Lack of university accommodation could affect students

Universities unable to accommodate students may be putting success at risk, according to new research

Universities across the UK that are unable to cope with the pressure of accommodating students may be putting their students’ success at risk, according to research carried out by the Student Village Company.

Statistics released by the Higher Education Statistics Agency (HESA) show that last year’s  full-time equivalent attendance was 1,698,295, while bed spaces, including on-campus and third-party provided, was 361,636. This reveals a ratio of students to purpose-built student beds of approximately 5:1.

With more than 1.7 million full-time students expected this year, and a 6% rise in applications from European Union students, thousands of students could miss out on student accommodation will be forced into the general retail market, which may coerce them to work longer hours than recommended to cover the extra living costs.

Natwest carried out the Student Living Index to understand the financial decisions of students and found that, on average, they are working more during term-time. An average student’s weekly income, according to the survey, is £127.86, with over half of this amount earned during term-time.

Luke Rothwell, director at Bunkabin, the parent company of the Student Village Company, says: “With students still attending university despite rises in tuition fees and the cutting of support, such as the maintenance grant, many are having to fork out for very expensive accommodation outside of their chosen university. This can leave students having to work longer hours resulting in less study time, which could have an impact on their results.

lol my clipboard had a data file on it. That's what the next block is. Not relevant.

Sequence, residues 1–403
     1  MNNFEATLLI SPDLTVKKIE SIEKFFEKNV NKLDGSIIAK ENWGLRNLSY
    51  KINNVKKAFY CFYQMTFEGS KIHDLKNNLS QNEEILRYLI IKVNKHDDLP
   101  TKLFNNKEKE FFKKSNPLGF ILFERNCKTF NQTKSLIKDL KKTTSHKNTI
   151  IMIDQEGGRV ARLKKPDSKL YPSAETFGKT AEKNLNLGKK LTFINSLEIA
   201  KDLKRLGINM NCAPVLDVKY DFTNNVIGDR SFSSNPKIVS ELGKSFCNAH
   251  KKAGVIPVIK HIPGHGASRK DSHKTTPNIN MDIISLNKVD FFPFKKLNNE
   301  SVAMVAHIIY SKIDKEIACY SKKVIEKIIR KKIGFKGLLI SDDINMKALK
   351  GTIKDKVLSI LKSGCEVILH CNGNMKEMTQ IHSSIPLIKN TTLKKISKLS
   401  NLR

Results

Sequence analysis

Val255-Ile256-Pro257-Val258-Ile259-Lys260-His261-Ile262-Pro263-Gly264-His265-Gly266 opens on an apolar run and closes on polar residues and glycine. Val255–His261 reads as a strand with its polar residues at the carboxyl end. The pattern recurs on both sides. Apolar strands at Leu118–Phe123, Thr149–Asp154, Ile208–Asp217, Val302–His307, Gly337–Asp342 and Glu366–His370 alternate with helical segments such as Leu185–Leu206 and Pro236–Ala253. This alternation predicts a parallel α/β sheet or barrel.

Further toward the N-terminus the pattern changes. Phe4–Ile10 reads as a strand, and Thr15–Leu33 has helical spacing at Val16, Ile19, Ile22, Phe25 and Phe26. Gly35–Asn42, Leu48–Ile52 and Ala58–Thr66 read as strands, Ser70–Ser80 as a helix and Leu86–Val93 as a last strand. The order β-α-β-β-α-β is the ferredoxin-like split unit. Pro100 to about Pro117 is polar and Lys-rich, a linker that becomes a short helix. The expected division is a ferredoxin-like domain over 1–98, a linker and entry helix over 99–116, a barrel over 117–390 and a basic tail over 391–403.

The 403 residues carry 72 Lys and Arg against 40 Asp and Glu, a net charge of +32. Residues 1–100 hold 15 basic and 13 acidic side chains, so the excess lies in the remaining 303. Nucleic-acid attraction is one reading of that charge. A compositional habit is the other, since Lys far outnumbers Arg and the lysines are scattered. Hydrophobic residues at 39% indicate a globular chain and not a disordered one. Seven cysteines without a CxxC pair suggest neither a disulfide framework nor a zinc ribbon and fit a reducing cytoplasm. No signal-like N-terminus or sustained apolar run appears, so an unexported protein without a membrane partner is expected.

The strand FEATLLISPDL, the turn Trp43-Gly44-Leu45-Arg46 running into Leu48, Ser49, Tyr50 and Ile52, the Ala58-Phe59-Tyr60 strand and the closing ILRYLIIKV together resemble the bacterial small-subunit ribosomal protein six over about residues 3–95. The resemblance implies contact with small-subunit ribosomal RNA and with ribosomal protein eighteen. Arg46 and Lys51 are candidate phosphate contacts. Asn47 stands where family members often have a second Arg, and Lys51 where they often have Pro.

“We understand that students aren’t the only ones feeling the pressure. This time of year can be incredibly stressful for estates departments up and down the country, as universities are struggling to house students through no fault of their own due to massive budget cuts and delays in refurbishment and new build projects. However, if enough isn’t done to accommodate new and returning students, this could have a detrimental effect on their results, and in turn, their future.”

The Student Village Company has experience in helping estate departments during many different types of property crises, including providing the University of Buckingham with 24 replacement rooms after a small fire in the halls of residence and continued expansion at Reaseheath College.

Steve Challinor, facilities manager at Reaseheath College, says: “The Student Village Company provides us with a flexible accommodation capacity, so as long as we have land available, we no longer need to turn away a student because of the accommodation shortages. It is very difficult to predict exact intake numbers, however, where the Student Village Company excels is in being able to provide additional capacity only a few weeks’ before freshers’ week.” 

 

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